Kaizen’s ultimate goal is to facilitate the completion of small changes and improvements generated through the ongoing efforts of all members of a business team

Kaizen’s ultimate goal is to facilitate the completion of small changes and improvements generated through the ongoing efforts of all members of a business team. A chain of these small but important refinements can generate big results, surpassing the outcome of the typical single large project tactic.

The goal of Kaizen is not to recreate or reinvent the fundamentals of the existing system, but to boost its productivity by making small but significant changes, not drastic ones. Managers at all levels encourage, and are involved in, the learning process. Continued scrutiny of how the current system works reveals and targets opportunities for change, and the implementation of those changes can improve the system’s process and potential. Adherence to standard operating procedures (SOPs) helps maintain control, but once improvements are in place, SOPs will change to reflect the new work environment.

Although having little overlap in their scope, and typically not being considered as alternatives for each other, Lean and Six Sigma can both be effectively combined with Kaizen concepts. A business that needs to address quality concerns and variations, a business that needs to evaluate and enhance process flow and efficiency and minimize costly waste, would do well to consider integrating Kaizen with these two strategies.

Elements of Lean’s Manufacturing Process and Kaizen Projects are very similar. Each process contains such factors as a mission statement, distinct objectives, and set target goals. Both conform to the manufacturing process call PDCA (Plan-Do-Check-Act) model. This model is ideal for project, which are planned for a short duration of time. Through this model project can be scheduled and completed with the goal of continual improvement and a reduction of waste. When used properly both manufacturing process models can increase productivity.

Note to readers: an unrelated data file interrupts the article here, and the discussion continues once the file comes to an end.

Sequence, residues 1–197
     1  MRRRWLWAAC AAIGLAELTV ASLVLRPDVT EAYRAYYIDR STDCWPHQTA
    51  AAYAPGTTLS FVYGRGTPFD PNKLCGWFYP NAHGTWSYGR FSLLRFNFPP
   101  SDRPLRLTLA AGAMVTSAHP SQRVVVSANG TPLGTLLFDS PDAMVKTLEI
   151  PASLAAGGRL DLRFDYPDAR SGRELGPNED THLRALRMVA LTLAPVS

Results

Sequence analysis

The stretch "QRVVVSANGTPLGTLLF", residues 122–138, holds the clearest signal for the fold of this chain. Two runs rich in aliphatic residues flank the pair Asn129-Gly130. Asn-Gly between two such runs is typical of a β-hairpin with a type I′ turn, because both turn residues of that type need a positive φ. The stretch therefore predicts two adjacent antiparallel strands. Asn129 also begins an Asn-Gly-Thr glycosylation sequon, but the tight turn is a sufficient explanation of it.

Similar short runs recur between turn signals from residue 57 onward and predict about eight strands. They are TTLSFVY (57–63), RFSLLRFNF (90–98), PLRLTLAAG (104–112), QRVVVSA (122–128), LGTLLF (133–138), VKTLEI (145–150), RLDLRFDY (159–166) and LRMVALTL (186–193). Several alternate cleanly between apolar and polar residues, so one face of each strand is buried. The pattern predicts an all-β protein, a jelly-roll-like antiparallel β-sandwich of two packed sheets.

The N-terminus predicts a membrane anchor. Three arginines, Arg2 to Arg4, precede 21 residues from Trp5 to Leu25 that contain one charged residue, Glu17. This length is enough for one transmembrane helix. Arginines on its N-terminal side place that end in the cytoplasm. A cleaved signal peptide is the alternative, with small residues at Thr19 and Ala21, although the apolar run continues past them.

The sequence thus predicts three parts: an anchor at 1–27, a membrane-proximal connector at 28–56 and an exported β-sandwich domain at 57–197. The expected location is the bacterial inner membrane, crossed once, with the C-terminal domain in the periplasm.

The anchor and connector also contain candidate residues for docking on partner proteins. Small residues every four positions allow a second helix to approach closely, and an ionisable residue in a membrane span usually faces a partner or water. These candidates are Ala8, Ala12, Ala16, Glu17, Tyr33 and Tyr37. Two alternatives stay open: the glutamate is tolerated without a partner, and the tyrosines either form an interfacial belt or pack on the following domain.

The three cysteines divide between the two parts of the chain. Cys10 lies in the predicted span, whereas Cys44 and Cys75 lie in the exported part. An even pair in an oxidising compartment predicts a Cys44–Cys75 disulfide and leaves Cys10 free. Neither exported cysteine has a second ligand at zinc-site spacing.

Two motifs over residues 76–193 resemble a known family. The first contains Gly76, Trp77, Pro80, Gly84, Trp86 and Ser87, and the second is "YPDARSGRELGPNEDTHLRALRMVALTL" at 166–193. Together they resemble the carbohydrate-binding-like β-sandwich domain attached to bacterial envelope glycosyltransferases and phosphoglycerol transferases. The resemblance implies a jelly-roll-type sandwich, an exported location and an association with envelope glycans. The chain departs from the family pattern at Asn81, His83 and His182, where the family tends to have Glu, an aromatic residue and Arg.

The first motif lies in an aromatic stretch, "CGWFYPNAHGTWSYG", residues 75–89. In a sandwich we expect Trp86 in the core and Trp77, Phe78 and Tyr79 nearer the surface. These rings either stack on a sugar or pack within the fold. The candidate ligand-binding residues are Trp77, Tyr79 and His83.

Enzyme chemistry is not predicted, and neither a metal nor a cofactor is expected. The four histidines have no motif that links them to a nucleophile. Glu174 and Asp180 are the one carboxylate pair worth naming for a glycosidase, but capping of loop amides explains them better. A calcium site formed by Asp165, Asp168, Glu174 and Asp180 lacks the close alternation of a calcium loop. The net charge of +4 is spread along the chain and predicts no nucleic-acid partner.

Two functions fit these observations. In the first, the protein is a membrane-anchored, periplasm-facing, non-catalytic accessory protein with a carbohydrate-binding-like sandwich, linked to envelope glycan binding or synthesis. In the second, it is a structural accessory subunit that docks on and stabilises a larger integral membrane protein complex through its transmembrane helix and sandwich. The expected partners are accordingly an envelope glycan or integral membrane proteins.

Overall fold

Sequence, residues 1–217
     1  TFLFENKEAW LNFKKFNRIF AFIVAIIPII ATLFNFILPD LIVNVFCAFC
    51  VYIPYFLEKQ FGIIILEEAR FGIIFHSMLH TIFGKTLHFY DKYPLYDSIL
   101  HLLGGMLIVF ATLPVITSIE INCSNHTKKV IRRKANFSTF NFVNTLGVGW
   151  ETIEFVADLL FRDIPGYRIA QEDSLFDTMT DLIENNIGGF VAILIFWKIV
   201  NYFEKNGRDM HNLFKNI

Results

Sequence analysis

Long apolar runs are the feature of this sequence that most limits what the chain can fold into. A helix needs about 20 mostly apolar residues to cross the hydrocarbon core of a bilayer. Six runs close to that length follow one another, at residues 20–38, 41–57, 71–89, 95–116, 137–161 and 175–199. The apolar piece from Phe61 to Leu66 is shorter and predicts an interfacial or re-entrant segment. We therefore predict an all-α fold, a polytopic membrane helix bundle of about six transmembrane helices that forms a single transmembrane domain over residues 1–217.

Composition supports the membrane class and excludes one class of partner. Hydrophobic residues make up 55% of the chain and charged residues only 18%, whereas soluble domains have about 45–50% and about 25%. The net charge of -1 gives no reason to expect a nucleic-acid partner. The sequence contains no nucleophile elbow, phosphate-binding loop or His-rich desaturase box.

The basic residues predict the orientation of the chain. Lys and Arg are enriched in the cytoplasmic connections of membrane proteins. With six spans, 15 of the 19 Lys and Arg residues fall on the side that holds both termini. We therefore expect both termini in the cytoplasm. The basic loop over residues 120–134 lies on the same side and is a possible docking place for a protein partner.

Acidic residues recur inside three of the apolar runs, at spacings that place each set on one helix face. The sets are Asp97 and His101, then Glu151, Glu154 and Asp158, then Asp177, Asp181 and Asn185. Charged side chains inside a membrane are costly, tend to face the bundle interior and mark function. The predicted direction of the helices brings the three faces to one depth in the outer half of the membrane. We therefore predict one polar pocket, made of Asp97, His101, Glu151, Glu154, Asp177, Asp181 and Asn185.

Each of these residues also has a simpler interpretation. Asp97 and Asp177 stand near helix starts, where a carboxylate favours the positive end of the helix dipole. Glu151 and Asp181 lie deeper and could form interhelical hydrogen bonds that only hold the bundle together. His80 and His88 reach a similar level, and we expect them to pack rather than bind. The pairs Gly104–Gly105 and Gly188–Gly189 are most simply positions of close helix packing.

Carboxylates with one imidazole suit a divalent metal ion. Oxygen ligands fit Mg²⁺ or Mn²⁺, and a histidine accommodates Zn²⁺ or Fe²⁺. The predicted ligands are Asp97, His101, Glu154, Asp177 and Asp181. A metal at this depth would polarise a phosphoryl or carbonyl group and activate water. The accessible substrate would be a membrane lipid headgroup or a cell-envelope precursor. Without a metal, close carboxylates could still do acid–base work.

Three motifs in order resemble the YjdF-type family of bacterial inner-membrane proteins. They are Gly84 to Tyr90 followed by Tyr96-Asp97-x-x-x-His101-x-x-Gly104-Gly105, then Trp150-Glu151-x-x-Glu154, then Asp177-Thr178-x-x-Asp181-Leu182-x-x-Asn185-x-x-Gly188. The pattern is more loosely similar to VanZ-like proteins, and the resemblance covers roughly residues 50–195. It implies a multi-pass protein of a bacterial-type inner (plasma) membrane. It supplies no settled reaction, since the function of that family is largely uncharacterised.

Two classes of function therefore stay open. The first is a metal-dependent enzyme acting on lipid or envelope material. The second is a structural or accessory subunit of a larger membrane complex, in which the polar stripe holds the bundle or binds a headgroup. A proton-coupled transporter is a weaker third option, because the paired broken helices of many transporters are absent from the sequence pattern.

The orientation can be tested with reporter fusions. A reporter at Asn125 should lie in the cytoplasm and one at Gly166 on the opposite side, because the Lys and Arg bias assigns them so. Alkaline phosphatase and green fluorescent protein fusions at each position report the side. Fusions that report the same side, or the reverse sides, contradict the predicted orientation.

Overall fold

Unfortunately, though such projects often bring about changes, there is a downside.  They can result in root problems in a business not being analyzed as thoroughly as necessary to bring about optimal changes.  This is commonly due to the time span limitations placed on projects.   Integration of processes can prove quite useful here; quick changes and improvements can be accomplished through projects resulting in a sound addressing of problem areas based on collected data obtained with the flow of Six Sigma projects.

For instance, a project is undertaken by a bank which desires to increase the volume of walk-in customer sales. Using the tools of both processes, an analysis of a range of marketing methods along with their results can determine their effectiveness various customer demographics.  For set short periods of time, Kaizen projects can be undertaken in order to determine which method is better in a given situation.  Further implementation may follow for the method which is most effective.

And so, rather than limiting effectiveness by using only one tool, such as Kaizen, the utilization of all three processes is a more logical and efficient approach to solving problems within a business.  This combination of all three processes can continuously bring about profitable improvements.

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